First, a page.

Away from the dirt, Wilson has become deeply attached to the city, from relishing its appreciation for his flashy style to the extensive community work he and wife Julie have performed in the area. And there can be no question the affection is mutual based not only on the cheers at games but also from the absence-makes-the-heart-grow-fonder reaction when he missed the first two months of this season to a calf injury and the defense disintegrated without him.

As teammate and best friend Freddy Sanchez said at the time, "Jack Wilson is such a huge part of the Pirates."

Maybe not for long.

Wilson will turn 31 in December and is scheduled to make $7.25 million next season in the final guaranteed year of his contract. The Pirates hold a club option for 2010 worth $8.4 million. Each figure is within market rate for a shortstop of Wilson's caliber, but management's rebuilding signal that began with the Bay and Nady trades surely mean that Wilson will be shopped in the coming offseason. Already this summer, the Pirates sought elite shortstop prospects in various trade discussions.

Whatever the case, this much is certain: Wilson does not want to wait to learn of the team's plans.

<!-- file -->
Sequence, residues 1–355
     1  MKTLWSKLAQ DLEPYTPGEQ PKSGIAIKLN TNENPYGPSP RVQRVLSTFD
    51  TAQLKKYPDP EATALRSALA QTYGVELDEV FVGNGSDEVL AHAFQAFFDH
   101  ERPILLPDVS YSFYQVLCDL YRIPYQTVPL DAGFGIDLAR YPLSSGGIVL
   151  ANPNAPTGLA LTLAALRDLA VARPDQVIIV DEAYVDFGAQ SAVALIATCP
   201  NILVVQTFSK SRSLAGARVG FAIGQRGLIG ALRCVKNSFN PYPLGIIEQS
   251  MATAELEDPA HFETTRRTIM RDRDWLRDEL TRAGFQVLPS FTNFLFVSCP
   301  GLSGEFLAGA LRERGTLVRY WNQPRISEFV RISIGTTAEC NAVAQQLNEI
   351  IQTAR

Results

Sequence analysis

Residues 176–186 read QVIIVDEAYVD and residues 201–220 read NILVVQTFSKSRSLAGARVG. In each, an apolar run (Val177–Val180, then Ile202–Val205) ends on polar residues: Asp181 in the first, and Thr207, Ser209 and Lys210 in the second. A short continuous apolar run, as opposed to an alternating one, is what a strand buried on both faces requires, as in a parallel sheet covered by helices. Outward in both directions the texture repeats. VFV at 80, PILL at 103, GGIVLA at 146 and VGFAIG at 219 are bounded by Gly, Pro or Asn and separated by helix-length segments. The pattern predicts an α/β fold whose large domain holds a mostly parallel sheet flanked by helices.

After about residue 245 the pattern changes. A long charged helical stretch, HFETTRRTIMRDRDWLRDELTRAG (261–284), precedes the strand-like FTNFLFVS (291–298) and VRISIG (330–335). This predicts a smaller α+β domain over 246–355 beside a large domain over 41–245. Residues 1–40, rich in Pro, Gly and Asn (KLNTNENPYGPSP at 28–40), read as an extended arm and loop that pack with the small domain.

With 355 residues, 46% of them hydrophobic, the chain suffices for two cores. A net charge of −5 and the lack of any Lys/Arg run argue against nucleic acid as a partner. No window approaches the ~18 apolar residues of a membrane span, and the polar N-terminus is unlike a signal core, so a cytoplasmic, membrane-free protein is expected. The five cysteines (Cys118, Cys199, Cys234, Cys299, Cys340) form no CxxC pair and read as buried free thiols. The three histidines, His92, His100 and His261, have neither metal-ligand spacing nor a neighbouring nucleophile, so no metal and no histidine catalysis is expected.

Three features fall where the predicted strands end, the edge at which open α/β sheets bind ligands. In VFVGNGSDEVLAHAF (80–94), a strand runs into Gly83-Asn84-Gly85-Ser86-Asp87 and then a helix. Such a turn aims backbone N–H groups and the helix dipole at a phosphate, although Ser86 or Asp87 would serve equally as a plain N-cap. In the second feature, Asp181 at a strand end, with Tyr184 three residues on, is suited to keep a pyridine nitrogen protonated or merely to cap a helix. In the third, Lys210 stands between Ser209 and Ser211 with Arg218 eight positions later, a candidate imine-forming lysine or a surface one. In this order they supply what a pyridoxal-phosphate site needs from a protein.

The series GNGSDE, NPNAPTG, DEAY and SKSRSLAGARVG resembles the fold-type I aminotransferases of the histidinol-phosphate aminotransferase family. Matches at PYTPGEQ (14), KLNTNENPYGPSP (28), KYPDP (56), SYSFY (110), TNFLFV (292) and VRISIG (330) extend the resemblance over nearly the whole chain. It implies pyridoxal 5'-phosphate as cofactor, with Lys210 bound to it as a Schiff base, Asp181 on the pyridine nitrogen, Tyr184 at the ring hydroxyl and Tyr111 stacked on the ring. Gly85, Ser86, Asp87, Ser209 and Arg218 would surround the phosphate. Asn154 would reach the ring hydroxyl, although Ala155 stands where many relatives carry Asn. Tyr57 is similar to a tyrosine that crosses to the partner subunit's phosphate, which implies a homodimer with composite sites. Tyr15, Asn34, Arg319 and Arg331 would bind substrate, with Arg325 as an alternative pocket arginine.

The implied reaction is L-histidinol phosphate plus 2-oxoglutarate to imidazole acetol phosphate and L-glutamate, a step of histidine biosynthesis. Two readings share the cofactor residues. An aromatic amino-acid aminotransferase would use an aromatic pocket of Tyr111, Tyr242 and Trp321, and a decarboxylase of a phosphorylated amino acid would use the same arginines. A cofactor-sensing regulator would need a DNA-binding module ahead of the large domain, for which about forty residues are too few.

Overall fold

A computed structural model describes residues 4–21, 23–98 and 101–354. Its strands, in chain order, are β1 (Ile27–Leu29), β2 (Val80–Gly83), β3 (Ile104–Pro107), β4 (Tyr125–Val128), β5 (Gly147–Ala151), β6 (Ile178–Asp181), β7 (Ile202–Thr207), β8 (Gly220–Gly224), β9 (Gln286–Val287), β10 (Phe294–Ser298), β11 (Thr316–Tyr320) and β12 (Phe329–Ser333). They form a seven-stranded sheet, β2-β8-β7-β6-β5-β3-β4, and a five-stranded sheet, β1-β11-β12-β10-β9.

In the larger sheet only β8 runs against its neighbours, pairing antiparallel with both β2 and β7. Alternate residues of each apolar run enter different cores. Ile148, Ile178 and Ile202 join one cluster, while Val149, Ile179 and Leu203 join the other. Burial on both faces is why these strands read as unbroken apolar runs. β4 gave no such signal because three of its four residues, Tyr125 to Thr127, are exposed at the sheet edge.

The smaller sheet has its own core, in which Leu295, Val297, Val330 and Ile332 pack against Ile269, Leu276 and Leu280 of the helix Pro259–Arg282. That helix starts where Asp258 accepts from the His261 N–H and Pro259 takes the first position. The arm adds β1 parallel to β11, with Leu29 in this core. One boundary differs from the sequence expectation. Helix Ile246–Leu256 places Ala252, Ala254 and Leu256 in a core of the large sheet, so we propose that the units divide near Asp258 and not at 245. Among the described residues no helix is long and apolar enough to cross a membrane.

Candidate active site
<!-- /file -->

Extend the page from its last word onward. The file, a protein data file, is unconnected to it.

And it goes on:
"Right now, I don't know what's going on," he said. "I don't know the direction of shortstop for this team. I can see they've made their direction as far as the team goes, building with young guys. So, I hope to find that out as soon as I can."

That could mean an audience with general manager Neal Huntington.

Huntington expressed an appreciation for all Wilson has meant to the Pirates, but he yesterday reiterated an oft-stated stance that no player is untouchable.

"Jack's been in a Pirates uniform a long time and, between him and Freddy, those probably are our most recognizable players," Huntington said. "The reality is that we can't make emotional decisions on any player. Jack certainly has proven his worth again defensively, and we can see that the whole club solidified with him out there. But we always need to leave ourselves the ability to make the team better. Jack, hopefully, will be a big part of this turnaround going forward. But, as it was with Jason and Xavier and Damaso Marte, if the right baseball trade is out there, we'll have to entertain it."

In the interim, Wilson will take the field tonight for game No. 1,070.

What about the opener next spring?

"Well, I laid down odds on that last year, and I was wrong," Wilson replied with a laugh. "But, no matter what, I'll keep going out there every day with the same attitude I've always had."

Dejan Kovacevic can be reached at dkovacevic@post-gazette.com. First Published August 22, 2008 4:00 AM